Frontex Deputy Executive Director Uku Sarekanno denied this. "Frontex is not in charge of SAR (search and rescue) operations," he told DW. "We only share information with national coordination centers if our aerial asset in the central Mediterranean area detects a vessel in distress and in need of help. In line with international law we inform all coordination centers in the vicinity. It is up to national coordination centers to coordinate SAR operations at sea."
"It is Frontex's responsibility to ensure that our officers within our operations follow the rules, respect fundamental rights, as well the principle of non-refoulement. This also involves active reporting and investigation of serious incidents within the operational area," he added.
Calls for withdrawal
Rights groups in various EU member states have called on Frontex to cease its operations because, they argue, its presence has not stopped national border guards from mistreating asylum-seekers.
"I was brutally beaten by guards in Croatia for trying to enter the EU," a displaced woman from Suleimani in Iraq, who is currently in an unofficial camp in Dunkirk, told DW.
"I had my two young daughters with me when this happened. I need protection because I worked as a journalist in my country and have been targetted for my work. But I didn't expect my human rights to be disregarded in this manner. Frontex has a presence in the region, I wished they helped," she added.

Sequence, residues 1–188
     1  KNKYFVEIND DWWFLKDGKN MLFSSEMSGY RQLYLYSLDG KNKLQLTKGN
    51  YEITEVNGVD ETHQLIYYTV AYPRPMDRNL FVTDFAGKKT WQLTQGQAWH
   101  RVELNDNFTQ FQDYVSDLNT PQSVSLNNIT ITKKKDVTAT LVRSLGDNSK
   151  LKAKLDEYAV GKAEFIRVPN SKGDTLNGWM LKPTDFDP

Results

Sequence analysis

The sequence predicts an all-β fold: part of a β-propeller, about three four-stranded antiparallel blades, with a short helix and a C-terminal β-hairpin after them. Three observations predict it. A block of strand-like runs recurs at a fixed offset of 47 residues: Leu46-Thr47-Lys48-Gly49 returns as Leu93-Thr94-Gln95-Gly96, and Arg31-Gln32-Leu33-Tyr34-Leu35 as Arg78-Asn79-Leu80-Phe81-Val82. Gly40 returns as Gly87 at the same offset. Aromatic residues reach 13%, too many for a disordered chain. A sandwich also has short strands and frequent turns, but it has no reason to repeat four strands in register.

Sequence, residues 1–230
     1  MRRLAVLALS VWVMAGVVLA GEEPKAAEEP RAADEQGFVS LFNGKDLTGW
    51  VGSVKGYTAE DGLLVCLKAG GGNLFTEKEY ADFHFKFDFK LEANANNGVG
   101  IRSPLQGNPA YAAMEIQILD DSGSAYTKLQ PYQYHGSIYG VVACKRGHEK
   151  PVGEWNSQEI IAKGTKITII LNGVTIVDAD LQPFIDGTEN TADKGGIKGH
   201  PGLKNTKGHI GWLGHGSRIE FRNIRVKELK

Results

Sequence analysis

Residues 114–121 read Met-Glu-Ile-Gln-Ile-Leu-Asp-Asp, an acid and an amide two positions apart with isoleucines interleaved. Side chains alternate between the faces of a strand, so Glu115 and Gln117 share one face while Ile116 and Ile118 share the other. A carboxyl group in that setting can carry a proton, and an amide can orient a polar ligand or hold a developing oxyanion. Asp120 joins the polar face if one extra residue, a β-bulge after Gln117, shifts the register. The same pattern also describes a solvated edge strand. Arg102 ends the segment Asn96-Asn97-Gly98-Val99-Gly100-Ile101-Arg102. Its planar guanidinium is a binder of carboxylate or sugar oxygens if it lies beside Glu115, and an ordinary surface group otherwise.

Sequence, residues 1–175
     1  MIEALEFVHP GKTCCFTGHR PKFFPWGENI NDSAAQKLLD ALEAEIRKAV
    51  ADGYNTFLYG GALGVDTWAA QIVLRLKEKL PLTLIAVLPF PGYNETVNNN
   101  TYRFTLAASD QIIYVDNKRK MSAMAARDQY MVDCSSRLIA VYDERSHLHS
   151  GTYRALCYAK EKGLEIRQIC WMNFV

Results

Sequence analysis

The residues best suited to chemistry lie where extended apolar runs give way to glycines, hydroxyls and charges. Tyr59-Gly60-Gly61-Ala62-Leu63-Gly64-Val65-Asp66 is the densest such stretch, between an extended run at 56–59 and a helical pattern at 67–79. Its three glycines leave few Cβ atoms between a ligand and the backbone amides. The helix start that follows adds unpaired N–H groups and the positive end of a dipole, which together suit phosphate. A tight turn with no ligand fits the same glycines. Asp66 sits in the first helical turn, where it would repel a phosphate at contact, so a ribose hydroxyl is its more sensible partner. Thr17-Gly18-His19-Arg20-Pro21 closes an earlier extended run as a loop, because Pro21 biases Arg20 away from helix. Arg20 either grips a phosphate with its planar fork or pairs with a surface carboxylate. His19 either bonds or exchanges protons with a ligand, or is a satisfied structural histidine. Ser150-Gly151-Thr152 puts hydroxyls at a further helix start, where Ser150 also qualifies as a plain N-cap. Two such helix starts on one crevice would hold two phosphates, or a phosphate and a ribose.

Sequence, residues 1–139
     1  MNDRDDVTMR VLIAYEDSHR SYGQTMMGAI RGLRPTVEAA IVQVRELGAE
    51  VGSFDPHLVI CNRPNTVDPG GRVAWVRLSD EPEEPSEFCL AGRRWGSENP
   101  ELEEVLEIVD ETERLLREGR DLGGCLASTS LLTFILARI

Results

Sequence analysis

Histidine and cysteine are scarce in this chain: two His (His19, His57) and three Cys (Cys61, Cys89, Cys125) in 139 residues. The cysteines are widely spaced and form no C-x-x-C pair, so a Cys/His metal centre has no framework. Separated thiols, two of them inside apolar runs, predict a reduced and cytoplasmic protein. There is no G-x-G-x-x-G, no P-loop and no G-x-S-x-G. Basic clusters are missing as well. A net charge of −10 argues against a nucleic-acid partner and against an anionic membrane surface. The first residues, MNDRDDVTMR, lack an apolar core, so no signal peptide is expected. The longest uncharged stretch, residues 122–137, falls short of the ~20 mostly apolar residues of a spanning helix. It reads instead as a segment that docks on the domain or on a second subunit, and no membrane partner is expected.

Listening to her story, another displaced man from Iran at the camp in Dunkirk, shared a similar story about his experience with border guards in Croatia. "I saw Frontex in the region and expected them to intervene. But in the end, it feels like border management comes down to politics and not human rights," he told DW.
In 2021, Frontex did temporarily suspend its operations in Hungary after a European Court of Justice ruling stated that the country's treatment of asylum-seekers was illegal.
And a recent New York Times report revealed that Frontex's fundamental rights officer had said last year that the agency should stop operating in Greece because of serial abuses by Greek border guards.
But the agency has not suspended its operations in Greece so far.
Hope Barker, a senior policy analyst for the Border Violence Monitoring Network told DW that there was a need for Frontex to act.
"It's been nearly three years that Frontex has been present in the region and all we've seen is a worsening of pushbacks and mistreatment of asylum-seekers. So clearly Frontex is not contributing to fixing that problem. They need to trigger Article 46 of the Frontex Regulation and withdraw," she said.
That article requires the agency's chief to terminate or not launch any new operations in an EU country where investigations and reports have shown that the fundamental right of asylum-seekers are being violated.
Barker added that Frontex also needs to overhaul its system for NGOs and individuals to make official complaints about national border guards. "There have been steps to do so but it needs to be more transparent," she added.